The stop in Rodriguez was extended as it was coming to a close, and there are a few phrases in the Court’s opinion that could be read to limit the reach of the opinion to such cases. See, e.g., Rodriguez, 135 S.Ct. at 1612 (discussing “whether the Fourth Amendment tolerates a dog sniff conducted after completion of a traffic stop” (emphasis added)). But overall, the opinion is pretty clear that delays unrelated to the purpose of the stop are forbidden whenever they take place. See, e.g., id. at 1616 (“The critical question, then, is not whether the dog sniff occurs before or after the officer issues a ticket . . . but whether conducting the sniff ‘prolongs’—i.e., adds time to—[the stop].”). At least, so concluded the court in People v. Pulling, __ N.E.3d __, 2015 WL 3764791 (Ill. Ct. App. June 17, 2015) (applying Rodriguez and finding that an officer violated by “interrupt[ing] his traffic citation preparation to conduct a free-air sniff based on an unparticularized suspicion of criminal activity”; although the sniff took place during the stop, while the sniff in Rodriguez took place at the end of the stop, “this positional difference of the point at which the sniff occurs has no impact on our ruling,” as “the dog sniff added time to the total duration of the stop at issue”).
The Rodriguez Court stated that an officer may conduct the ordinary inquiries incident to a traffic stop, including “checking the driver’s license, determining whether there are outstanding warrants against the driver, and inspecting the automobile’s registration and proof of insurance.” Rodriguez, 135 S.Ct. at 1615. A few cases have addressed what counts as an ordinary traffic-related inquiry.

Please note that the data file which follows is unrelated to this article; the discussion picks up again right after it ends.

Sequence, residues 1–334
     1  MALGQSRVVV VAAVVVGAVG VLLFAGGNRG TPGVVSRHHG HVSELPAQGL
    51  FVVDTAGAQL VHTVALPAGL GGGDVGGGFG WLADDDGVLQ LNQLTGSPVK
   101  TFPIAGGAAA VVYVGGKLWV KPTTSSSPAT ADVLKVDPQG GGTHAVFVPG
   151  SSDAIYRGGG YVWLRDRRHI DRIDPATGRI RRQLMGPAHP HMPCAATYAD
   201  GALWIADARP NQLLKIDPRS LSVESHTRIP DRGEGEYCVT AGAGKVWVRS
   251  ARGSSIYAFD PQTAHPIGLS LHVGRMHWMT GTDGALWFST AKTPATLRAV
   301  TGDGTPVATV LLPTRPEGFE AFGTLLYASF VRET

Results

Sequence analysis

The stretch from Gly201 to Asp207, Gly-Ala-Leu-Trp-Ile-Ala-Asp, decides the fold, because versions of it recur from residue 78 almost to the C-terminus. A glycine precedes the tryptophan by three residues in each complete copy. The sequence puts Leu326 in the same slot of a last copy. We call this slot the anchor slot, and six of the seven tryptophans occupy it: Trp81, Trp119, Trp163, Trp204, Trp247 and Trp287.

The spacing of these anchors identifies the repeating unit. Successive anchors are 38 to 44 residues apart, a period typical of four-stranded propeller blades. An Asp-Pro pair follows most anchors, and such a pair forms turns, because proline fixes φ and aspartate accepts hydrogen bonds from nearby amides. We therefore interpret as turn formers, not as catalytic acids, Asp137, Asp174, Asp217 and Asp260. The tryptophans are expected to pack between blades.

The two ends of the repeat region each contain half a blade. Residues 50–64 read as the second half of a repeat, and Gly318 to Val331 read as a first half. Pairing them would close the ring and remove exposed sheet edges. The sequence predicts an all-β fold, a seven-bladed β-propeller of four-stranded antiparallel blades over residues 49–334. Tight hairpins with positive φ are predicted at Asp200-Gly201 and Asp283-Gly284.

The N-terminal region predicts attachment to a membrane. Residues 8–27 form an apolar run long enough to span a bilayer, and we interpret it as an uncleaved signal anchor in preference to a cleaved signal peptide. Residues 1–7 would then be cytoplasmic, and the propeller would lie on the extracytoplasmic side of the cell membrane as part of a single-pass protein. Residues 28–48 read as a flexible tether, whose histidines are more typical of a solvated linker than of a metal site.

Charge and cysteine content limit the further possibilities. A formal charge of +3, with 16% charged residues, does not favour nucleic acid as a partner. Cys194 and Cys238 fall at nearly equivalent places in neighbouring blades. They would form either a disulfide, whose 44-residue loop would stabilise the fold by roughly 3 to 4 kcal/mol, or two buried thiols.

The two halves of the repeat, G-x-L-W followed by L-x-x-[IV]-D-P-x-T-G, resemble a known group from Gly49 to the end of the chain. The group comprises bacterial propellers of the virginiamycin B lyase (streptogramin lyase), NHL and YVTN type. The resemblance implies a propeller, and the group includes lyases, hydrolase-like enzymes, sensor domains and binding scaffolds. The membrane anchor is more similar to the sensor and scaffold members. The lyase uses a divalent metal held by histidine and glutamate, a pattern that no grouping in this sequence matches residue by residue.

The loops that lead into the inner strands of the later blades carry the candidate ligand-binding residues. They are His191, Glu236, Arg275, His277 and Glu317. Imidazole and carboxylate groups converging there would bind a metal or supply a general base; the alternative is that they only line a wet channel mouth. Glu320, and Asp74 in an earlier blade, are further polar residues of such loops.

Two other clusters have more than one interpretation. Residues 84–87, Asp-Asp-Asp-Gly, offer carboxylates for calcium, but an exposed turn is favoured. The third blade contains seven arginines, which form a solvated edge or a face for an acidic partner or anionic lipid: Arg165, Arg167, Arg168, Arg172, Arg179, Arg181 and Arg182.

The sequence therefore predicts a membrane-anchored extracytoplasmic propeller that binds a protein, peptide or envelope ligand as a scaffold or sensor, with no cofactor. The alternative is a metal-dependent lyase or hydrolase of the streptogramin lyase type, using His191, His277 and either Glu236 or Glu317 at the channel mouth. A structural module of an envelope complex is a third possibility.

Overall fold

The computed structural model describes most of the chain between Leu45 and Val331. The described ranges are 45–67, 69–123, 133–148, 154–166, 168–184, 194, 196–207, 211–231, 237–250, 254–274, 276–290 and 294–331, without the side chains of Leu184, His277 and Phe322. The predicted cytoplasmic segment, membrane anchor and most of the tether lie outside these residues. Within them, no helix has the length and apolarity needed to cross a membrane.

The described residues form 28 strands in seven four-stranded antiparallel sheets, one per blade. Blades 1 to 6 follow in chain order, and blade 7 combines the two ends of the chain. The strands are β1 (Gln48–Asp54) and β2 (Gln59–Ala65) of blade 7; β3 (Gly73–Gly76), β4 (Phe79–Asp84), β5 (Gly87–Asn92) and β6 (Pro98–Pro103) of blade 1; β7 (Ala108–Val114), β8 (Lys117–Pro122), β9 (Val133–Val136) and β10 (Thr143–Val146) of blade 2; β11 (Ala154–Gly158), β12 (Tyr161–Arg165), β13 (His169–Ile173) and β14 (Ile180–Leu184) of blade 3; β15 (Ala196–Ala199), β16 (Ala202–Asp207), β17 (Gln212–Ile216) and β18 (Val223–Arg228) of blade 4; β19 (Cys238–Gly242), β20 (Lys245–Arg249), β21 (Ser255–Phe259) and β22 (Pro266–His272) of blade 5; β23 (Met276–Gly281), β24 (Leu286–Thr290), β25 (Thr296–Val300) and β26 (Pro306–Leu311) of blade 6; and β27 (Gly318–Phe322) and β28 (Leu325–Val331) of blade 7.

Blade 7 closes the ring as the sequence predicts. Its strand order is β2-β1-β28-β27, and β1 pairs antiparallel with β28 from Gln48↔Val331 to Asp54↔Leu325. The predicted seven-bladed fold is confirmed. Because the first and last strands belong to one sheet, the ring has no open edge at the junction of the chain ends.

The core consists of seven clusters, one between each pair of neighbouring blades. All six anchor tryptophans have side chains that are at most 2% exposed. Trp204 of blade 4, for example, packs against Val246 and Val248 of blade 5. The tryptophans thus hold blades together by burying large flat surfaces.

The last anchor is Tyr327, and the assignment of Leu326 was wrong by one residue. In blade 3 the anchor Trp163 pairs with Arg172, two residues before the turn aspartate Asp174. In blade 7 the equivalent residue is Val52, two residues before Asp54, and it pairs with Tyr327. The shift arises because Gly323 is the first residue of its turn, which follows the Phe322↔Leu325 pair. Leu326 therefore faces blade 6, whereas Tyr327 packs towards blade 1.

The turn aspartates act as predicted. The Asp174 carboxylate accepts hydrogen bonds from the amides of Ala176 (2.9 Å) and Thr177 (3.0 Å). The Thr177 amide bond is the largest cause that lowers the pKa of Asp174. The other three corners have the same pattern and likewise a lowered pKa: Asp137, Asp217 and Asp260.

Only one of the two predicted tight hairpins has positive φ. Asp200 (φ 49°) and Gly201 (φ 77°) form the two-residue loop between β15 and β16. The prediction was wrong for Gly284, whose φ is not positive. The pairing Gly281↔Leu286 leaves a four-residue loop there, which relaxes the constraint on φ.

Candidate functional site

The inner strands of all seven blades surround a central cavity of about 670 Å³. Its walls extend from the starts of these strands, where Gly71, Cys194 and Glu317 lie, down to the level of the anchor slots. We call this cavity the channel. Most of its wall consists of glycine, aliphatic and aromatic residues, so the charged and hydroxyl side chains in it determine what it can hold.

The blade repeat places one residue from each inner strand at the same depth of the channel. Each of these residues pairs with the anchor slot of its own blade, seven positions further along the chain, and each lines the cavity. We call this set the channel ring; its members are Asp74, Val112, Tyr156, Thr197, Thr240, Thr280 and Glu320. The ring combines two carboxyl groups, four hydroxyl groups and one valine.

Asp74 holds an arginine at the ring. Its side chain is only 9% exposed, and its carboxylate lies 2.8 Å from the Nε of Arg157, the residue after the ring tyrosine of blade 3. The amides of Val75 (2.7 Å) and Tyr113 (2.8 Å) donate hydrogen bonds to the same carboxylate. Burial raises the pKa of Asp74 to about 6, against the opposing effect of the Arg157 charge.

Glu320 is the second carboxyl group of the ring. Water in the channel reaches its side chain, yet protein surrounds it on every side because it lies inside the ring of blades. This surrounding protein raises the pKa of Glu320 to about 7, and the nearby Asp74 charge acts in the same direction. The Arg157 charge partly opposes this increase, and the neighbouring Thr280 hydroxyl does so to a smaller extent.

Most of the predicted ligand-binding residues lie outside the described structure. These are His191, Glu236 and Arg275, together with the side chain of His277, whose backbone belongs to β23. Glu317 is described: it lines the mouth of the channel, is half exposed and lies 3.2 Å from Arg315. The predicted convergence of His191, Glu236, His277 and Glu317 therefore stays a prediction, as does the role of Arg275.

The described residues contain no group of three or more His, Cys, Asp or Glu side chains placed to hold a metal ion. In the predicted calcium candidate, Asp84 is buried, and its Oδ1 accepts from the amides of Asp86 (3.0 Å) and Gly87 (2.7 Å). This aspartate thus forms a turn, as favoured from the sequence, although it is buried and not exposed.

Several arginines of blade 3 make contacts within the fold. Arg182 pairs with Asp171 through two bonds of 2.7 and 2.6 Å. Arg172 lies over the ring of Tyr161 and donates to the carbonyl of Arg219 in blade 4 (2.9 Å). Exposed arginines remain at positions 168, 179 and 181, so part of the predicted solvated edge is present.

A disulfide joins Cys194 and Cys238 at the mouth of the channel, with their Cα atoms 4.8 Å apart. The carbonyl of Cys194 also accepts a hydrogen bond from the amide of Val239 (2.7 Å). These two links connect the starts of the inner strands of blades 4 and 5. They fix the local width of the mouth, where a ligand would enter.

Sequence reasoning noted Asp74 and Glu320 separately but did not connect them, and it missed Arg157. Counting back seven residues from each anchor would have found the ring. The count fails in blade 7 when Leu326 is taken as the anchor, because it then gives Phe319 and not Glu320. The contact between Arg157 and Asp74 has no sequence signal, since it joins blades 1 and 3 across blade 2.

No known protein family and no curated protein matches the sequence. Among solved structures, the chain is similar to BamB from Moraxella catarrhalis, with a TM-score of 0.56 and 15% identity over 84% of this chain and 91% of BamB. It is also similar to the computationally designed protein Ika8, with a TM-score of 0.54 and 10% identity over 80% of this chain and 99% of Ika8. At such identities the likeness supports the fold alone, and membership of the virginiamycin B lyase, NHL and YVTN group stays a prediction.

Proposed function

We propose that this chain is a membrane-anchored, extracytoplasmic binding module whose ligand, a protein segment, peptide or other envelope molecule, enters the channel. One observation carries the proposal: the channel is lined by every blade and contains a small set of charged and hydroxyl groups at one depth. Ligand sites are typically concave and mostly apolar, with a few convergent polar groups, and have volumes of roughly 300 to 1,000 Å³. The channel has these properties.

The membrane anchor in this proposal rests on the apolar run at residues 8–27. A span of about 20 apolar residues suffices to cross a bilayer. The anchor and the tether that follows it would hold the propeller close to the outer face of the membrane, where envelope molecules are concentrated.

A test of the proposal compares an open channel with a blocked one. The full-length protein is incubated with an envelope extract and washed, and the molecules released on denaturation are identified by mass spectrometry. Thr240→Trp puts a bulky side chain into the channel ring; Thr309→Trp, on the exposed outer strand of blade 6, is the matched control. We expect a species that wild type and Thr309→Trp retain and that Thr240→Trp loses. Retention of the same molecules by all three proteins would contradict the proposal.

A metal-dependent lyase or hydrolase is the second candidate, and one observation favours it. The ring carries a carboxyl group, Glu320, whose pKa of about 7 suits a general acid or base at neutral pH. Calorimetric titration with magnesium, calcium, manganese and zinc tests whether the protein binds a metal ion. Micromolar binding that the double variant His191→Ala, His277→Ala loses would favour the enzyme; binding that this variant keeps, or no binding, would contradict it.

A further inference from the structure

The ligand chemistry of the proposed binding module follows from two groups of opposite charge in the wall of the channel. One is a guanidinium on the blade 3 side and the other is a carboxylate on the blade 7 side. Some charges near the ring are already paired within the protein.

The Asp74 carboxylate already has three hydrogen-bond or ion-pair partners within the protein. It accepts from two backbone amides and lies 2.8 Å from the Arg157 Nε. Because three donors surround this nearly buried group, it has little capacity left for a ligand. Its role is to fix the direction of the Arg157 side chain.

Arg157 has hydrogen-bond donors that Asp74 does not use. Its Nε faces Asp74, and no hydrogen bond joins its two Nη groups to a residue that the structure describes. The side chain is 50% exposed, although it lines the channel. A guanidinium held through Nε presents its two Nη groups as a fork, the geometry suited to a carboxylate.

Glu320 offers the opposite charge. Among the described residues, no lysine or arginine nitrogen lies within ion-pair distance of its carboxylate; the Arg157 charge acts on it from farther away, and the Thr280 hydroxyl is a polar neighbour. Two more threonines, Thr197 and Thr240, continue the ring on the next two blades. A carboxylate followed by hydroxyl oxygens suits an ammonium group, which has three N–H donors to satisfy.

- Asking about travel plans. In United States v. Iturbe-Gonzalez, __ F.Supp.3d __, 2015 WL 1843046 (D. Mont. April 23, 2015), the court indicated that an officer may make “traffic safety-related inquiries of a general nature [including about the driver’s] travel plans and travel objectives,” and said that “any suggestion to the contrary would ask that officers issuing traffic violations temporarily become traffic ticket automatons while processing a traffic violation, as opposed to human beings.” While a question or two about travel plans may be sufficiently related to the purpose of a traffic stop, a court might take a different view of an officer’s extended discussion of itineraries with multiple vehicle occupants.
- “Ex-felon registration check[s].” In United States v. Evans, 786 F.3d 779 (9th Cir. 2015), the court ruled that an officer improperly extended a traffic stop to conduct an “ex-felon registration check,” a procedure that inquired into a subject’s criminal history and determined whether he had registered his address with the sheriff as required for certain offenders in the state in which the stop took place. The court reasoned that the check appeared to be directed at finding evidence of ordinary criminal wrongdoing, i.e., a failure to register, not enhancing traffic safety.
- Seeking consent to search. The Rodriguez Court did not directly address requests for consent to search, but such requests are not ordinary incidents of routine traffic stops. Thus, in United States v. Hight, 2105 WL 4239003 (D. Colo. June 29, 2015), an officer stopped a truck for a traffic violation. After running standard checks on the driver and talking briefly with him, the officer decided that he wanted to ask for consent to search. He called for backup and spent at least nine minutes waiting for another officer and working on a consent form. When backup arrived, the officer terminated the stop, then asked for and obtained consent. The court ruled that the nine-minute extension of the stop was improper and that it required suppression even if consent to search was obtained voluntarily after the stop ended. Hight does not address significant questions like (1) whether an officer who takes two seconds, instead of nine minutes, to ask “may I search your car?” has measurably extended the stop, and (2) whether an officer who seeks and obtains consent without extending a stop – for example, while waiting for a warrant check to be completed – may extend the stop to conduct the search without running afoul of Rodriguez.